How to Identify a Perforated Eardrum

11 June 2021
10 mins

About the author

The information presented here is based on clinical examples as well as modeled patterns. Text and accompanying absorbance sketch is authored by Navid Shahnaz, PhD, Aud, Associate Professor of Audiology in the School of Audiology & Speech Sciences at the University of British Columbia (UBC).



Firstly, it must be noted that a perforated ear is easiest recognized by the flat curve and high equivalent ear canal volume of the traditional tympanogram. Similarly, the 3D absorbance measure allows recognizing that the measures are constant over the pressure range.

Secondly it should be noted, that recordings on ears with perforations will vary between patients – the shown Absorbance patterns for smaller and larger perforations shown here are sketched examples only. Please see Susan Voss’ article referenced below for more details.


Absorbance characteristics to look for

The Absorbance generally increases compared to normal ears, and mostly so below 2 kHz as the middle ear cavity absorbs most of the energy. The increase in Absorbance is most pronounced with the smallest(!) perforations. The bump of higher absorbance around 1 kHz shown in this sketch can be very pronounced with a very small perforation and may shift to higher frequencies as the size perforation increases. With larger perforations, the low frequency Absorbance gets closer and closer to normal absorbance levels, but might remain above the Absorbance level the ear would have exhibited without the perforation.


Sketched example of an absorbance pattern
Sketched example


a 3D example of a normal reading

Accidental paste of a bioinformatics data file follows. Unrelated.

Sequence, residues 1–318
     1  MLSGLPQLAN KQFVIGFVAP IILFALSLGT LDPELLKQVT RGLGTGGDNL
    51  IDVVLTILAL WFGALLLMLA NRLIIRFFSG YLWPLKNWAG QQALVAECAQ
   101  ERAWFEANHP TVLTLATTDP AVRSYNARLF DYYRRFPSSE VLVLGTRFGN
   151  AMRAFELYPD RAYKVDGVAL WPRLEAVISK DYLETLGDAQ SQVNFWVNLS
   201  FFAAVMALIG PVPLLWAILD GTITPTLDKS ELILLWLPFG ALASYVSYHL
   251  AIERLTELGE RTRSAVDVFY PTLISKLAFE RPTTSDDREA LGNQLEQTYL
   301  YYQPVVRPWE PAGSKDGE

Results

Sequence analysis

3D example of normal

a 3D example of perforation
3D example of perforation


Consequences of probe fit

All Absorbance measures need to have a good probe fit to be reliable. Evaluating Absorbance as provided by the 3D Tympanometry test ensures that a reasonably air tight probe seal was accomplished, as the air pressure sweep would not have been performed otherwise. In addition to an air tight probe seal, a deeper rather than a shallower probe insertion ensures the most accurate Absorbance measures. Shallow insertions tend to provide more elevated Absorbance readings at lower frequencies. This is somewhat similar to normal Tympanometry measures that are also influenced by probe fit and probe insertion depth.


Suggested reading

Effects of Middle-Ear Disorders on Power Reflectance Measured in Cadaveric Ear Canals, Voss, Susan E., Merchant, Gabrielle R.,Horton, Nicholas J., Ear & Hearing. 33(2):195-208, March/April 2012.

Acoustic Immittance Measures, Basic and Advanced Practice, 2013, Lisa Hunter, Phd, FAAA, Navid Shahnaz, PhD, Aud. (C), Plural Publishing. ISBN10: 1-59756-437-0, ISBN13: 978-1-59756-437-3.



Popular Academy Training

Interacoustics - hearing and balance diagnosis and rehabilitation
Copyright © Interacoustics A/S. All rights reserved.